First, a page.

Analysis: Postscript to a fraudulent elections

Jun. 12, 2007

The problems characterizing Philippine elections are systemic and the current Comelec cannot be solely faulted for it. But the Comelec of Benjamin Abalos Sr, made it worse in its effort to serve the Macapagal-Arroyo administration and not the Filipino people.

Vol. VII, No. 18, June 10-16, 2007

The smoke of battle of the recently-concluded, hotly-contested May 2007 elections is just about to clear. And the din created by charges of massive fraud and suspicious inefficiency of the Commission on Elections (Comelec) still continues to reverberate. But the conclusions one would arrive at in judging the May 2007 elections are all too familiar: massive fraud including dagdag-bawas (vote shaving-vote padding), violence and political dynasties, and marginalization of the Left.

Perhaps this election is the most observed with the unprecedented number of international observers, both official and independent. The Comelec accredited around 190 and there were more who did not seek accreditation such as the Peoples International Observers Mission. But this did not stop the operators of cheating and the private armies, including the Armed Forces of the Philippines (AFP) which acted as the private army of the Macapagal-Arroyo administration from doing their thing. Thus, it came as no surprise when three independent foreign observers came up with the same conclusions. It would take more than foreign observers or computerization to put a stop to the cycle of fraud and violence besetting Philippine elections.


Fraud would be committed for as long as government positions are being used for personal enrichment and aggrandizement through corruption. Why do you think a candidate for a national position is willing to spend millions for campaigning if he does not think he can profit from winning?

In this situation, the incumbent has the advantage of having the whole government machinery and resources at his disposal. While the opposition can buy votes, they cannot outbid the candidate in power. This explains the heated competition between local candidates from Lakas and Kampi, both members of the ruling coalition, over who would get the official endorsement of the Macapagal-Arroyo administration. The opposition candidate can likewise use his private army to harass his opponent. But the incumbent has the Philippine National Police (PNP) and the AFP, the biggest armed group in the country, on his side.

More so for national candidates for the administration has so many government agencies to source its campaign funds from, thus, the fertilizer scam and PhilHealth cards scandals. It also has the PAGCOR (Philippine Games and Amusement Corporation), Philippine Charity Sweepstakes Office, intelligence funds of the Office of the President, among others. It is also the administration which has control over the Comelec and the canvassers from the municipal up to the national level. And it can use the various agencies such as the Ombudsman, the Department of Interior and Local Government, and the Department of Justice to harass its opponents just like what happened to Mayor Jejomar Binay of Makati who is also president of the United Opposition. In an obvious attempt to break his ability to campaign, he was suspended a week before the elections and all the citys as well as his personal bank accounts were frozen.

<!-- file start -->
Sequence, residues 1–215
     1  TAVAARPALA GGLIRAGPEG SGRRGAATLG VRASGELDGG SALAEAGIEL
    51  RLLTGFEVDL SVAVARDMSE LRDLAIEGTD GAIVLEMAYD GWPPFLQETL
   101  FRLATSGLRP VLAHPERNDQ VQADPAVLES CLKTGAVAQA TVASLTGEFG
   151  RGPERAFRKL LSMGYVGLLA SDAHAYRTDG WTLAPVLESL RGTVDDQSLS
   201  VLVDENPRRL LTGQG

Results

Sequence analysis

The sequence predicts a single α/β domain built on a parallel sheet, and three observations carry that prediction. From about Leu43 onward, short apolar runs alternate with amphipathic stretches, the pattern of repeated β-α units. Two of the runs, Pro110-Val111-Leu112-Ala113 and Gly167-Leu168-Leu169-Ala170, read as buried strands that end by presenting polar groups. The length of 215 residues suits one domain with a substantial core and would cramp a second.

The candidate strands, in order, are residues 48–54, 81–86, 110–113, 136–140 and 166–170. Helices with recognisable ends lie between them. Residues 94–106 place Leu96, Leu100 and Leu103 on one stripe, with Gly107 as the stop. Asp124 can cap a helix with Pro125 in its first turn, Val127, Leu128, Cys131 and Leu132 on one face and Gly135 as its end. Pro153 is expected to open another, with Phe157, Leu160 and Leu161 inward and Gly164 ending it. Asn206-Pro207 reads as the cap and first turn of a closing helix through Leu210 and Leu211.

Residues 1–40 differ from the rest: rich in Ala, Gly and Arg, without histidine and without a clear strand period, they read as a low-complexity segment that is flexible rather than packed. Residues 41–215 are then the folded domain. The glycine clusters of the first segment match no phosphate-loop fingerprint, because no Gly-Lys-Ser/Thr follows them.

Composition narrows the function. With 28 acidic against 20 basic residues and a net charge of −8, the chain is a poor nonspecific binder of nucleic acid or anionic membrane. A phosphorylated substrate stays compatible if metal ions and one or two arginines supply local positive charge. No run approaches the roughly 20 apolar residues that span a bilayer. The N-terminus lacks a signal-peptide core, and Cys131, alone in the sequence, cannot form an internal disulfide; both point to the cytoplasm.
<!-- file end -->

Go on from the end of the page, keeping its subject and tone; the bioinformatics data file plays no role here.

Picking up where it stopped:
Violence and Political Dynasties

Dynasties lorded it over peoples during feudal times. The warlord with the strongest army rules over others by force. The success of his conquest is measured by the vastness of his land. Dynasties are an anachronism and a contradiction to democracy.

But political dynasties continue to lord it over the rural areas of the country because of the monopoly of power and land of a few landlord families. Political dynasties in the provinces are synonymous to or controlled by a few contending landlord families. Thus, while some political dynasties were defeated during the last elections, they were merely replaced by another political dynasty.

Just like their predecessors, the feudal lords, landlord families maintain their power through their armed force – comprised by security guards, private armies, units of the Civilian Auxillary Forces Geographical Units (CAFGU) which they fund, and their influence in the local police and local army units – and by exacting blind obedience from their peasants. Normally, they use their armed force against recalcitrant peasants but they also use this against their political enemies especially during elections. Through their armed force and influence over the peasants, they are able to dominate local elections unless challenged by another landlord family. And like their predecessors, they take over positions of local power to protect their interests and expand their land holdings.

Political dynasties would continue to control local politics for as long as there is a monopoly of power and land by a few landlord families. And violence would continue to characterize local elections for as long as landlords have the power.